With 14,000 faculty, more than 700 undergraduate programs and around 88,000 students on three campuses, the University of Toronto is in a class of its own. St. George, the leafy downtown campus, has historic stone buildings, while the newer Scarborough and Mississauga campuses are in quieter, suburban settings. U of T’s halls have echoed with the debates of future premiers and prime ministers. It is famous for research on insulin, bone-marrow transplants and regenerative medicine, and for pioneering work in artificial intelligence. U of T is the top-placed Canadian university in Times Higher Education’s 2017 global ranking on employability of graduates. The university also has many initiatives to support student start-up companies. Given its size, one might think professors would be too busy for undergraduates, but the university addresses this with small-group learning opportunities, such as first-year seminars. President Meric Gertler is on a mission to increase those types of opportunities. “We need to reaffirm the enduring value of a broad liberal arts education at the undergraduate level, but also to ask ourselves how we can help our graduates extract the full benefit from that education,” he says.
• City Studies: A multidisciplinary program that teaches students how to tackle the problems of an increasingly urban world; provides skills relevant to fields in city planning, real estate development, transportation, urban governance, housing and more.
• Engineering Science: This multidisciplinary program has two foundational years followed by two years focused on one of eight areas, including aerospace, engineering mathematics and robotics. With diversity as a core value, more than 40 per cent of first-year students in 2016 were female.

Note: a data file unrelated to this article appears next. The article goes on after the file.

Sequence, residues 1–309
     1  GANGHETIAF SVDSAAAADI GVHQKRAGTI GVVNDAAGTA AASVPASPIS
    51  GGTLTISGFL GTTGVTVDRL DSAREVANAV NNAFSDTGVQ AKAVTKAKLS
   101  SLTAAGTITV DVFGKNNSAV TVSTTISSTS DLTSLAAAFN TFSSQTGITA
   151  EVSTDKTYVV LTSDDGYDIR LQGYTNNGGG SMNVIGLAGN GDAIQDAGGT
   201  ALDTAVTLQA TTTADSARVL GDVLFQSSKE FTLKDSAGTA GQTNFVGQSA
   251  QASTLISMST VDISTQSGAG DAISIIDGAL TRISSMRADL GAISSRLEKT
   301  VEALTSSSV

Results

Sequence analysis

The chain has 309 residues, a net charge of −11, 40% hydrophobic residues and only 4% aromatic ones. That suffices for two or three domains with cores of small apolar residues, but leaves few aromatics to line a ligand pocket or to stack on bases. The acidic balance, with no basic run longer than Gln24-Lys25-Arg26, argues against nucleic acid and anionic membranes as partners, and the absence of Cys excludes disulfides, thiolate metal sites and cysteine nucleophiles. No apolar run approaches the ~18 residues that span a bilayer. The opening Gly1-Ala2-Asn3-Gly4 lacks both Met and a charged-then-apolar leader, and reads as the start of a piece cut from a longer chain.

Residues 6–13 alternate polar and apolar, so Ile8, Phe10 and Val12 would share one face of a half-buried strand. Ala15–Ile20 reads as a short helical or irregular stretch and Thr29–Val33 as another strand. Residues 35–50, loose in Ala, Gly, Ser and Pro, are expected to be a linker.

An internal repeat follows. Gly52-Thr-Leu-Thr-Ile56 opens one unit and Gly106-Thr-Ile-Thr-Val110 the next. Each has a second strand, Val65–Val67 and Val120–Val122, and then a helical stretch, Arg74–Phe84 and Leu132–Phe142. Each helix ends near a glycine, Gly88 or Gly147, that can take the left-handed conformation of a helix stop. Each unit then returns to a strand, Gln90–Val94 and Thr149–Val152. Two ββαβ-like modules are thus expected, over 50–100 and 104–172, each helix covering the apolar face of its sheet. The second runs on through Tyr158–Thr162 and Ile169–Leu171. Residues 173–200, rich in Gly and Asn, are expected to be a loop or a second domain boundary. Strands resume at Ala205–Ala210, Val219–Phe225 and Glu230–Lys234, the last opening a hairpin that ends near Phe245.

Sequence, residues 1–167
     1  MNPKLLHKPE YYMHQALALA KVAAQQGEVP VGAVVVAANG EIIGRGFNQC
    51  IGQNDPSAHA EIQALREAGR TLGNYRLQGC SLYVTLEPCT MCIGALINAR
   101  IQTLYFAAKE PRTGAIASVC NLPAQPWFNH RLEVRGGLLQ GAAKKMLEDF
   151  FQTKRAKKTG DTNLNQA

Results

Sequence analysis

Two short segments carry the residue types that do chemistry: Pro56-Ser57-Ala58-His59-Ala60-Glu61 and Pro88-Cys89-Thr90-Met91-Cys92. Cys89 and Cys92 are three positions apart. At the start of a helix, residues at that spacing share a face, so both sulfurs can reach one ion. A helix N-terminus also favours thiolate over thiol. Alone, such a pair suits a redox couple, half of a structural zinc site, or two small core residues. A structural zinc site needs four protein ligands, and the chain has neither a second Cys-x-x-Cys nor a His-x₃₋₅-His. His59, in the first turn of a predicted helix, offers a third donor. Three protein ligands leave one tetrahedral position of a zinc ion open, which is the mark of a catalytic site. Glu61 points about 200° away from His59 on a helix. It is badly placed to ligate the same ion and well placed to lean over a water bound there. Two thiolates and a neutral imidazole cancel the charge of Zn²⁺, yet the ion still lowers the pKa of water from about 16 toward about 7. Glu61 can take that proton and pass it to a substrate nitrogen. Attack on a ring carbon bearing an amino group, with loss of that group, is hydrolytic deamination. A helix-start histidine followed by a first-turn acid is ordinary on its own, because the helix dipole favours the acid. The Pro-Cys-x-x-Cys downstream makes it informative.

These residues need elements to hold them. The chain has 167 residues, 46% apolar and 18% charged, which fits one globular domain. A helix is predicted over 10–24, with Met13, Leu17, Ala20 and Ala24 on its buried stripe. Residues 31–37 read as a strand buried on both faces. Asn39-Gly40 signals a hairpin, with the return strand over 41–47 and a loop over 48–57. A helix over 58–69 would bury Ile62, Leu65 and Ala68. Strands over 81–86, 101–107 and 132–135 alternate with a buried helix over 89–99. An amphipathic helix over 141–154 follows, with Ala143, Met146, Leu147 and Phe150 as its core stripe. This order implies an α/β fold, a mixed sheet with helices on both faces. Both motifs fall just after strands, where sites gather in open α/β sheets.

• Computer Science: This program prepares students to work in programming, web design and research. It is a leading centre for artificial intelligence research; several of its grads have been recruited by Google.
• Forensic Engineering: Covers principles of disaster and accident investigation, including automobile and aircraft accident reconstruction and probing possible causes behind fires and explosions.
• Foods That Changed the World: Offered at the Scarborough campus, explores connections between food, environment, culture, religion and society; includes analysis of the global food system and how food practices affect people of different identities.
|Minimum entering grades||Tuition||Number of students||Residence spaces||Graduation and retention rates|
|Engineering: 85% to 92%
Arts: 73% to 84%
Science: 83% to 89%
Commerce: 85% to 92%
|8,883 (5,153 reserved for first years)||Graduation: 79.1%